Why a lazy designer is a blessing for your emails
Have we totally lost it?! After telling you about the grandmother principle (if you haven’t read that blog post yet, catch up on it here) for writing great copy, we advise you to slack off when designing your emails. But hey, bear with us and hear us out: it will all make sense!
Wasn’t it Bill Gates who once quoted
“I prefer to choose a lazy person to do a difficult job. Because a lazy person will always find an easy way to do it.”
The quote actually came from the American engineer Frank B Gillbreth Sr. He studied the best and poorest bricklayers and found out that we can all learn from the approach of the laziest workers. Whereas the expert craftsmen were more wasteful of their motion and strength, the lazy workers eliminated unnecessary action and reduced fatigue. The key takeaway? Work smarter, not harder.
Automation to the rescue
When it comes to working smarter, marketing automation can certainly be of great help. It’s all about using the right tools to automate repetitive tasks such as email marketing, social media posts or lead generation. Marketing automation tools make these tasks easier, less time-consuming and more efficient. Letting the software do tasks like sending follow-up emails can free up time to analyse results and see what needs improving.
A lazy visitor is a happy visitor
When designing a landing page, email or even an entire website you should always bring out the ‘lazy one’ in you. This doesn’t make designing the perfect content easier. But it can help you to understand your readers better.
The goal of your design is to make the experience of the visitor as smooth and easy as possible. If you keep in mind that your users are inherently lazy, you can improve the usability of your email by applying a few simple tricks.
Don’t make me think, Steve Krug’s book about improving usability, is considered a must-read in the field of UX. Krug sets out some basic principles on the usability of interfaces. These can be applied to all types of content, from an email to landing pages. The main idea is to create designs that don’t require users to figure out how the interface works, making the experience as positive as possible.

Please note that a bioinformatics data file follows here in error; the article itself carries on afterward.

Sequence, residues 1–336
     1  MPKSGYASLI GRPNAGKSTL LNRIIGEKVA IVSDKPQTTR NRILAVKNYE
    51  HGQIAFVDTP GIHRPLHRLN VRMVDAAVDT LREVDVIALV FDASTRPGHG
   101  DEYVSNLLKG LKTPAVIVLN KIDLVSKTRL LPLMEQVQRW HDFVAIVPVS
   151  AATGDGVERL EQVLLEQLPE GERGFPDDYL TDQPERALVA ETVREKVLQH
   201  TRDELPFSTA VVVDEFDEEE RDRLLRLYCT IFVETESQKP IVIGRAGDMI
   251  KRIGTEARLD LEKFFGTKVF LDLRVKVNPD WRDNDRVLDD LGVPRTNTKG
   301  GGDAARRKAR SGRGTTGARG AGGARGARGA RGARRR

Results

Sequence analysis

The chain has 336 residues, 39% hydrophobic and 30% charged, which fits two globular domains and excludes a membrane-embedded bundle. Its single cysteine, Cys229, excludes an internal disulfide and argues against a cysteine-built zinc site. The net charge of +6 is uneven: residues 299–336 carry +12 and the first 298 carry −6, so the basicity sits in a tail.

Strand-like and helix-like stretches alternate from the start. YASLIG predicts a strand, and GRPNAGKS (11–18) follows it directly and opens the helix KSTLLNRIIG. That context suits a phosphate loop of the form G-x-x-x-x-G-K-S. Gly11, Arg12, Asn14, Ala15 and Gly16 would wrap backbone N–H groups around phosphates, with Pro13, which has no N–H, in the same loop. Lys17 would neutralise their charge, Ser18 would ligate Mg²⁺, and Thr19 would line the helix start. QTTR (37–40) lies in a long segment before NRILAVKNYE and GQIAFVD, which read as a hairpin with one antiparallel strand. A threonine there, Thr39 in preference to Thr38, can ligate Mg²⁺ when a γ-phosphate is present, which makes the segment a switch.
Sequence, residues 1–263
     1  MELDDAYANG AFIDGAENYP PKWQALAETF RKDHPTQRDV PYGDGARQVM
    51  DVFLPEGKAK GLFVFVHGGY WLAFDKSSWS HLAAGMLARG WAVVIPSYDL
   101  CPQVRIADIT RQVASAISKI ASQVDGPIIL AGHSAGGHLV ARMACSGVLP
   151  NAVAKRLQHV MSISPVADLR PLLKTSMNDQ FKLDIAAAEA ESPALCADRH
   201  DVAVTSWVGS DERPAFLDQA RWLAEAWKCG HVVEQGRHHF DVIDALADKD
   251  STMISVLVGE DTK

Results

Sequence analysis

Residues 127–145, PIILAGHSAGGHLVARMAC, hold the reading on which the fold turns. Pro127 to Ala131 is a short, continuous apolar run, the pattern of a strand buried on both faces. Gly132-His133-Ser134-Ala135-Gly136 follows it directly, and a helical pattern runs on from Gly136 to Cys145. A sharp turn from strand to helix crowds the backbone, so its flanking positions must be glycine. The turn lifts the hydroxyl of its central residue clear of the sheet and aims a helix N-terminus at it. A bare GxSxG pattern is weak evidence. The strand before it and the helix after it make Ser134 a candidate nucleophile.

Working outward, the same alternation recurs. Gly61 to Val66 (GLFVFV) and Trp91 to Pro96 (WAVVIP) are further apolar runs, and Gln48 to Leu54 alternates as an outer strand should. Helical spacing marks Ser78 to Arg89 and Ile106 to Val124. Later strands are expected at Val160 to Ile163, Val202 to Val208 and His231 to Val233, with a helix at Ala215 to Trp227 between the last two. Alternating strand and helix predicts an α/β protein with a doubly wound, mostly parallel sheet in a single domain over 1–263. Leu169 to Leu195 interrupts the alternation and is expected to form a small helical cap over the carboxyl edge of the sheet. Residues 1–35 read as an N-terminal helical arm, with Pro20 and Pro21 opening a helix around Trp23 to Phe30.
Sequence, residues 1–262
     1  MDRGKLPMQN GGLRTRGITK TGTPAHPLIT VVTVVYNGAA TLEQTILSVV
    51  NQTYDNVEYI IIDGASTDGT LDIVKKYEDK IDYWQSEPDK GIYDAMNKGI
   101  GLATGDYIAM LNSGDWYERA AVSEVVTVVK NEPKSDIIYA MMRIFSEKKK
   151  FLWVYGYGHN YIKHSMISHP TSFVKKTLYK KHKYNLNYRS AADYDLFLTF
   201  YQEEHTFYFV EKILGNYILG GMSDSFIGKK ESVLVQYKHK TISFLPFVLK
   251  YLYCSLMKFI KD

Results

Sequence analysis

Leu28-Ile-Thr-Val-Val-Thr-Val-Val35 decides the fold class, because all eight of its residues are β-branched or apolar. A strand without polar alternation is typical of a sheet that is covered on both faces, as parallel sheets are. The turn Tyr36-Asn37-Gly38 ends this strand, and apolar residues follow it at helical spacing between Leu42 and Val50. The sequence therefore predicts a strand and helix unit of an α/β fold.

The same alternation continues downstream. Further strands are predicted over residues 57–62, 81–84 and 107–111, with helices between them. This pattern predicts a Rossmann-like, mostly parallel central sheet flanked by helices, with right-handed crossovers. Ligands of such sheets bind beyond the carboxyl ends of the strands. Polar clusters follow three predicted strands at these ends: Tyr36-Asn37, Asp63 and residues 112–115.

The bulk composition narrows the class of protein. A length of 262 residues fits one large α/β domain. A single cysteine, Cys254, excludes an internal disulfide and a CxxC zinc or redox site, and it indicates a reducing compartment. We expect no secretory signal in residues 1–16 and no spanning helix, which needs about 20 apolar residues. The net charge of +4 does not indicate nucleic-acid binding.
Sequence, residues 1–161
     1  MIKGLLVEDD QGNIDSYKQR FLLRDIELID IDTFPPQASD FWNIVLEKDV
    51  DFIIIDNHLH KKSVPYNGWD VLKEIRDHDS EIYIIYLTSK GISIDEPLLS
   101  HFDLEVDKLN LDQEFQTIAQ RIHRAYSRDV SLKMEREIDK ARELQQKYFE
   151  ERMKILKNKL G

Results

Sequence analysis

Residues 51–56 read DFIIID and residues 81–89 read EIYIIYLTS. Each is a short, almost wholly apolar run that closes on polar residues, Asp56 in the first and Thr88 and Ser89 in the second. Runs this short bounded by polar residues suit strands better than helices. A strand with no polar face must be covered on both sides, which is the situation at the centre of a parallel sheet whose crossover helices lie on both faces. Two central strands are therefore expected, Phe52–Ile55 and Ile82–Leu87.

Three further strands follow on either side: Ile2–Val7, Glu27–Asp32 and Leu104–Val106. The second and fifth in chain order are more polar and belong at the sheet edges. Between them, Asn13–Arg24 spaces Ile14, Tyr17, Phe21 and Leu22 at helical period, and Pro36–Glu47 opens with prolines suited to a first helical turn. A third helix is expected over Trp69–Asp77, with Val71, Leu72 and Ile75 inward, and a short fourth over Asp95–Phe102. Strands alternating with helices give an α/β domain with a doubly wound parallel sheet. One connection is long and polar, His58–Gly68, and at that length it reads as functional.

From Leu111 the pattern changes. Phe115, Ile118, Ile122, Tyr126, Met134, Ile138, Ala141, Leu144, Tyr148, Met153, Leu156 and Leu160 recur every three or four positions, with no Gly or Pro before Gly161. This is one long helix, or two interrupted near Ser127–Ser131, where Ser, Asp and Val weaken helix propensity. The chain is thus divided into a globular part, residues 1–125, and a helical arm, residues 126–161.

Are we really that lazy?
Sorry to break it to you… it seems we actually are. We all love to save time. And having to think about what we need to do takes time. So if we, as designers, take out some of the thinking users need to do, we are make their lives easier. Rather than reading full pages, readers prefer to scan and search for keywords that match what they’re looking for. So make sure your content is scannable and broken up into easily digestible sections with clear headlines.
When was the last time you went to the second or third result page of a Google search? The point we’re making is: we don’t always choose the best option, but tend to go for the first reasonable option available. This is also known as satisficing. We search for possible solutions until we find an acceptable option. This means we don’t go through all information, but we stop searching once we believe to have found enough information to serve our purpose.
Another thing people don’t like to do on the web is figure out how something works. If for example a signup flow is not clear enough, they will try to skip it. And you can be sure of it: they’ll leave when they get frustrated if something doesn’t work the way they expected. Can you blame them?